Do you have any other advice on how to hire employees?  Chime in below!

Business Funding: 6 Ways to Finance Your Cleaning Business Without Going Broke

Money comes in many ways. Figure out what makes sense for your situation!

Whether starting your own cleaning business from home or embarking on a larger cleaning company, you will need business funding. Here are five options that you should consider to finance your cleaning business.

1) Personal Savings (INVEST IN YOURSELF!)

Personal savings is the easiest and most common way to fund your business. There are no interest expenses nor creditors that will come knocking on your door if you are late on your payment. Consider this an interest free or interest rated loan.  But, set a series of payments to pay yourself back!

However, most people have already planned for how to use their personal savings such as retirement or the kids’ education. It will help if you have extra cash that you can dip into. Otherwise, you can start saving a small portion of your income or savings each month to use for your business.

2) Family and Friends (Also known as the “Father-Mother Fund”)

Are you ready and willing to risk relationships by mixing personal and business? One advantage for approaching family and friends is that some banks may not be willing to extend loans to people who are starting their first business. With family and friends, funding may be readily available with less contractual hassles.

However, there are risks to involving your family and friends and do proceed with caution. If the business fails or success is taking longer than expected, Money issues can strain relationships. Asking for money can be awkward. It is easier to accept rejection from someone you don’t know personally because then you understand that it was a business decision. Worse is if for some reason you are unable to pay people pack which will effectively ruin your relationship. You know the nature of your relationships best so consider these factors before asking for funding.

3) Small Business Administration Loan: 7(a) guarantee small business loan

The common type of loan offered by the Small Business Administration (SBA) to help you start your cleaning business is the 7(a) guarantee small business loan. You can apply for the 7(a) loan at any bank that participate in the SBA loan process.

Generally, the 7(a) loan program is for business that are already two years since inception and are generating cash flow. Since not all banks offer this type of loan, select one has offered this on a regular basis to make the process easier and simpler for you. Learn more by visiting the SBA loan program website to check your eligibility. This may be the easiest way to get a small business loan.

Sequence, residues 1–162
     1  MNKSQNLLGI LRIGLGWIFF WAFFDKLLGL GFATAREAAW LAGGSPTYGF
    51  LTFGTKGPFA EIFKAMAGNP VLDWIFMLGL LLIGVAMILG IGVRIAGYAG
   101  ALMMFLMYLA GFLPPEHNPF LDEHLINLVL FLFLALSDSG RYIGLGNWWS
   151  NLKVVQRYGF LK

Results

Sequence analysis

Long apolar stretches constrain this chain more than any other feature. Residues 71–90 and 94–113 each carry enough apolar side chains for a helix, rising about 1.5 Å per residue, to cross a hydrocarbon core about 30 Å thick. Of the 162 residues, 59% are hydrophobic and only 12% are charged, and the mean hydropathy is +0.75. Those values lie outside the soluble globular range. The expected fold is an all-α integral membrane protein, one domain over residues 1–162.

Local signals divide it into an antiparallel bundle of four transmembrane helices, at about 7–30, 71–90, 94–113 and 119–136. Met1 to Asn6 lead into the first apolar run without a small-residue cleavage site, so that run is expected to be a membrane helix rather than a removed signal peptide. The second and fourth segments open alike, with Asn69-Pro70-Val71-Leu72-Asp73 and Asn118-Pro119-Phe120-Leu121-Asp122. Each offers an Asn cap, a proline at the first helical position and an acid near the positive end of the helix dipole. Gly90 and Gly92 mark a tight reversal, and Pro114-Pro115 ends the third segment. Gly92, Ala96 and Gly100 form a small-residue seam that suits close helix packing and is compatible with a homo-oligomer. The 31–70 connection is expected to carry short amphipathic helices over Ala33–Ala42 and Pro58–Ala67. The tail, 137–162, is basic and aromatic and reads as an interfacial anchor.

4) Business Loan

Getting a business loan is another way to fund your cleaning equipment and startup costs. Business loans are usually short term ranging from 5 to 7 years, depending on the type of financing. You will need to offer a collateral to secure the loan such as real estate or another type of asset.

To get started, you will pay a loan origination fee and also interest. However, if the bank you reached out to only offer loans for an amount beyond what you need, you can try to reach out to other financial institutions that may be more flexible. Be prepared to provide details on the amount and purpose of the loan and how you plan to repay it. Submitting documents such as tax returns, checking and savings accounts, as well as credit score will help

5) Business Line of Credit

A business line of credit is relatively easier to get compared to a business loan. It is an unsecured loan and you can use it to finance your costs as you incur these instead of borrowing a lump sum upfront.

It can be used to refinance debt as well as to finance working capital, payroll and all the same types of expenses as a credit card financing. It is typically designed to be a short-term loan and may have a variable interest rate and an annual fee. Some banks may only offer large business lines of credit, such as $25,000 and up, so this may not be the right option for you if you only need access to a small amount of credit.

6) Credit Cards

If you already have or if you qualify for a credit card, you can always use this to pay for some of your initial costs. One advantage for using your credit card is that the minimum monthly payment is low. If you are only starting out and not yet cash flow positive, you can put your expenses on your card and just pay the minimum requirement.

However, there are many disadvantages to using credit card financing. The biggest disadvantage is that interest rates are high and your balance can build up very quickly over time. Annual interest rates can go to 24% or higher which is much higher than the 5% – 6% interest rates on commercial loans. To learn more, you can check out The Pros And Cons Of Small Business Credit Cards.

There you go! Business funding is key early on when starting your cleaning business. If you already have a cleaning business, share your thoughts below on how you financed your business and what worked or did not work for you.

Comment below if you have different business funding tips or tricks!

Business Name Ideas for Your Cleaning Service

What’s in a business name? Why everything!

What’s in a business name? Why everything!

Choosing the right name for your business can be a stressful experience. Here are some business name ideas for your start up! You will want a business name that will draw business in itself, will embody your company’s values, and will last for a long time.  The name should convey what’s unique about your business and relay that to your clients. There are a few sites out there that has more info such as the U.S. Small Business Association website.

What’s in a name?